An image of a red and blue recycling bin provided for kerbside collection with plastics in the red bin and glass in the blue bin.


What goes in which bin?

Blue bin

Blue bin is for clean, unbroken glass bottles and jars of any colour with lids removed.

Red bin

Red bin is for plastics 1, 2, and 5, and metal food and drinks cans. 

Recyclable plastic numbers which are plastics 1, 2 and 5/

Paper and cardboard

Paper and cardboard should be kept separate from the other bins, flattened into a small pile, in a bag or flattened box.

Printable kerbside recycling guide(PDF, 416KB)


Where to get the bins?

You can get red and blue bins from the below locations:

Opening hours may vary.

Damaged or replacement bins

If your bin is damaged, stolen or you have moved into a property where no bin has been left, you can pick up a new one.

Please don’t bring in your old broken bin to prove the need for a new one. If you are not able to visit in person, a friend or neighbour can pick one up for you.

You will need to let the team know why you need a new bin. If you need an extra bin (on top of the two you already have) it will cost $16.

You can recycle your old bins by taking them to a transfer station. You can use them for any other purpose or break them into smaller pieces and put them in your rubbish for kerbside collection.


Moving house

Your recycle bins belong to your property. If you move house, please leave it behind for the next occupants.

What can I recycle?

You can use our A to Z recycling and disposal guide to see what can be recycled. 

What can't go in your kerbside recycling?

You can use our A to Z recycling and disposal guide to help with the reuse and safe disposal options for everyday products and household items that cannot be recycled, such as:

  • takeaway coffee cups and lids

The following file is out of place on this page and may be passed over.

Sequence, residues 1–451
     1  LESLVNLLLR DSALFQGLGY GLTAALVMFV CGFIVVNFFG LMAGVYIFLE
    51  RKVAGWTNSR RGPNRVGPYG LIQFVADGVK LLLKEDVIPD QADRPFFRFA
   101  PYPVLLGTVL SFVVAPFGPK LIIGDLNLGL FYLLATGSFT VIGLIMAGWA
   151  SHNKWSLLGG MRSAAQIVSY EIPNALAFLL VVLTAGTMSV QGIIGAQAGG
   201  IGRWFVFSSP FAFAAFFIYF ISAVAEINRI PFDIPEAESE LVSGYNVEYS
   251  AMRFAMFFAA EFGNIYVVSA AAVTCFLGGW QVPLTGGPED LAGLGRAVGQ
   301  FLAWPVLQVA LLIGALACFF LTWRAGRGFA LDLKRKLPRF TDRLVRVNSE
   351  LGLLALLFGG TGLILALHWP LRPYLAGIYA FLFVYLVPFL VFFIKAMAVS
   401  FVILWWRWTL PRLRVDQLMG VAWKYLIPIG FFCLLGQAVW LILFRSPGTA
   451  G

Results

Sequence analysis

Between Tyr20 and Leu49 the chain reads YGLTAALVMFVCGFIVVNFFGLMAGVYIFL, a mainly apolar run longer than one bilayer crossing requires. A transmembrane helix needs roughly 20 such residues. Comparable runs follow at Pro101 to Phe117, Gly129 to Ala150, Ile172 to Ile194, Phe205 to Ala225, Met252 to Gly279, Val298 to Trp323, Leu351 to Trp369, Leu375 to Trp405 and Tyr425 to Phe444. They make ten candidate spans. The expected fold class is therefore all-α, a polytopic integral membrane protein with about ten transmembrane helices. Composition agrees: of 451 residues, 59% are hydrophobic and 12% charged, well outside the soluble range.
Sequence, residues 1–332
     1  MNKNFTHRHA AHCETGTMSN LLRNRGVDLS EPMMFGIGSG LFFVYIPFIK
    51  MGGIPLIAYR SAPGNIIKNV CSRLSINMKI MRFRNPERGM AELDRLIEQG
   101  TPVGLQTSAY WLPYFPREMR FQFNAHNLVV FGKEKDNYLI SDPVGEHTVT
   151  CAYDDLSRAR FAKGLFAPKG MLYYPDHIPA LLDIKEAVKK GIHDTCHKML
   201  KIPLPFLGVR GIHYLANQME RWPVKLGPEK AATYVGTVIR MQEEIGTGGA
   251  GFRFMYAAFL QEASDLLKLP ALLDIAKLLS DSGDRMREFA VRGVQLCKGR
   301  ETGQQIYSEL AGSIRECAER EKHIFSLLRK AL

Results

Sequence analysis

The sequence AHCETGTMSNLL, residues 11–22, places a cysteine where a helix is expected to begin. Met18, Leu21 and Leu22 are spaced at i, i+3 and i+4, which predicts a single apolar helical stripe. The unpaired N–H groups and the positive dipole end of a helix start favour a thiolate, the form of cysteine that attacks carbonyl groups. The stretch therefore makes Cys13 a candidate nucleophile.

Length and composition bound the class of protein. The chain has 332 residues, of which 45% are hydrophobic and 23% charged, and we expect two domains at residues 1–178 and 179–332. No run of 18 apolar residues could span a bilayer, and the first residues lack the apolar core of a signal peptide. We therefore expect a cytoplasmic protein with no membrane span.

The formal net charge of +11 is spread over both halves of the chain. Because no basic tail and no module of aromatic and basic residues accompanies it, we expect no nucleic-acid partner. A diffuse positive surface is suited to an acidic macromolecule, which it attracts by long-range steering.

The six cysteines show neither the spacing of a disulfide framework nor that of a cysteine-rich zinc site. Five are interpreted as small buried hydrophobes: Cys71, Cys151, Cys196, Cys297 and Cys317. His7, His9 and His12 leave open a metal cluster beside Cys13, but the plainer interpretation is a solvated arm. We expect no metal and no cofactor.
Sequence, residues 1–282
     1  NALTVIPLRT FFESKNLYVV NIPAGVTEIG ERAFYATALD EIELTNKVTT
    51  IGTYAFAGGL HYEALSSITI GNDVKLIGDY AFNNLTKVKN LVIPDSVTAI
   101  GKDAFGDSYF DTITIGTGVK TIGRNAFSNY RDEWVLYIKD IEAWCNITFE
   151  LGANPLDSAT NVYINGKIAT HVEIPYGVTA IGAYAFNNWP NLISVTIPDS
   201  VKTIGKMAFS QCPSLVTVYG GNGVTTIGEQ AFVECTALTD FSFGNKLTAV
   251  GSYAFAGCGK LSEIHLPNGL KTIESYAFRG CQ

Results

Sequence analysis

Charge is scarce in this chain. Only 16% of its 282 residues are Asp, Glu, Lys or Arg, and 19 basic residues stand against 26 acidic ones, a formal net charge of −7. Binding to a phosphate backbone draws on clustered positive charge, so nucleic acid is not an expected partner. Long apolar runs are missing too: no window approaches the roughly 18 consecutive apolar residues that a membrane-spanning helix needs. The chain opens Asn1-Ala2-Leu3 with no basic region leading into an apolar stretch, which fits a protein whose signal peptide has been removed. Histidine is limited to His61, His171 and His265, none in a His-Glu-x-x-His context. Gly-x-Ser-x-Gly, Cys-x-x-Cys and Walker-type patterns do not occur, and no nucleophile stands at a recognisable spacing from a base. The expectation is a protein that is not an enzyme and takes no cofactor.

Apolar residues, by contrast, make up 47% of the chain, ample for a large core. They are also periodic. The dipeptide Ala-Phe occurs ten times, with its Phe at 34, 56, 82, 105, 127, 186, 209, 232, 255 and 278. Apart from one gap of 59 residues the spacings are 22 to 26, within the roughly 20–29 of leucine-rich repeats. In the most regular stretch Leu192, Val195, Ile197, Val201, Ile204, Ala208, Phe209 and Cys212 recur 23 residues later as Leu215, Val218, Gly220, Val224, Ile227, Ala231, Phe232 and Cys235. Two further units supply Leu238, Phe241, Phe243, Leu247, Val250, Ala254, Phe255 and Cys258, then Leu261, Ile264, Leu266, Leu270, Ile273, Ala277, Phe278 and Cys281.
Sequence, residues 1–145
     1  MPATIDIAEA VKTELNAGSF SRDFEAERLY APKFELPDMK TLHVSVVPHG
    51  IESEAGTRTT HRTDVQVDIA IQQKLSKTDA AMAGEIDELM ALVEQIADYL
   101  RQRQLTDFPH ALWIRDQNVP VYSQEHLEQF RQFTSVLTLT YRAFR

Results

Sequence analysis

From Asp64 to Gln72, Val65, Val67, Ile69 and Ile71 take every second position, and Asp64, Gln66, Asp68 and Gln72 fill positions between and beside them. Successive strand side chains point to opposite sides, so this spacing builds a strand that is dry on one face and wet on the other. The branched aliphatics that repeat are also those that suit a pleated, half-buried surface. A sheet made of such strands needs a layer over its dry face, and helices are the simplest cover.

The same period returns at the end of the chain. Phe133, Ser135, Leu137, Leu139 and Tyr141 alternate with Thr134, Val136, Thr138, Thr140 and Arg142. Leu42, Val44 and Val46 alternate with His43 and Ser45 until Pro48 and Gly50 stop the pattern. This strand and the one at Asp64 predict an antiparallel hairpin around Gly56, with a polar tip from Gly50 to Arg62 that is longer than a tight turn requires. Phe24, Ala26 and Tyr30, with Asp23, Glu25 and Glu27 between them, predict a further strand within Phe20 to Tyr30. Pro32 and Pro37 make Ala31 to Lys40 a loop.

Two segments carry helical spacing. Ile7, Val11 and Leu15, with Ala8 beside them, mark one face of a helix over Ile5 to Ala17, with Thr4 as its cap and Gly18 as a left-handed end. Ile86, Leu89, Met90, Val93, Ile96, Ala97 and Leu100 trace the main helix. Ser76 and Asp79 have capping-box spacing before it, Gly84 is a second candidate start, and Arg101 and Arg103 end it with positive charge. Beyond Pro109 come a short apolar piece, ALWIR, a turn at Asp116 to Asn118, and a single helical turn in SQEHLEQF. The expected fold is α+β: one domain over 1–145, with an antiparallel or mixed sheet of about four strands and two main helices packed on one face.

• broken glass
  • liquid paper board cartons
  • containers over four litres (4L). 

What can be recycled elsewhere?

You can use our A to Z recycling and disposal guide to help with the reuse, recycling and safe disposal options for everyday products and household items, such as:

  • e-waste
  • light bulbs
  • batteries
  • soft plastics etc.

Where does your recycling go?

Glass is recycled in a plant at Auckland. The glass is then mixed with other raw materials and fed into a furnace where it is melted down to make bottles and jars.

Cardboard is sent to a mill in South Waikato for processing. This mill uses recycled cardboard and new wood fibres to make new cardboard.

Paper goes to an Auckland mill to be processed. This mill uses 100% recovered paper to make corrugated cardboard.

Tin cans and all plastics go to Auckland, where they are separated before being sent on for recycling.

Recyclable plastics 1, 2 and 5 depending on the type, are either processed here in New Zealand or sent to Australia and Southeast Asia to be made into just about anything, for example buckets, polyester fibre and wheelie bins. 

Clear PET (Plastic Grade 1) bottles and containers are processed in Wellington. These are recycled into food grade packaging.

White and coloured HDPE (Plastic Grade 2) like milk, bathroom and laundry bottles go to Auckland for reprocessing. 

Natural HDPE (Opaque milk bottles, Plastic Grade 2) is currently sent overseas for recycling and is reprocessed into plastic pallets which will be used in manufacturing of new products.

Plastic Grade 5 (Polypropylene) goes to Palmerston North where it is granulated and made into new products.

Aluminium is used to make new aerosol and drink cans overseas.

Steel is made into food cans, wire and building materials in Asia. 

So why does New Zealand export some recyclable materials?

Since New Zealand has a relatively small population, we don’t generate a lot of recyclable material, so there’s not as much demand for recycling processing facilities in this country.

Even though exporting our recyclables overseas means that they need to be transported further, it’s often a better environmental option than using raw materials.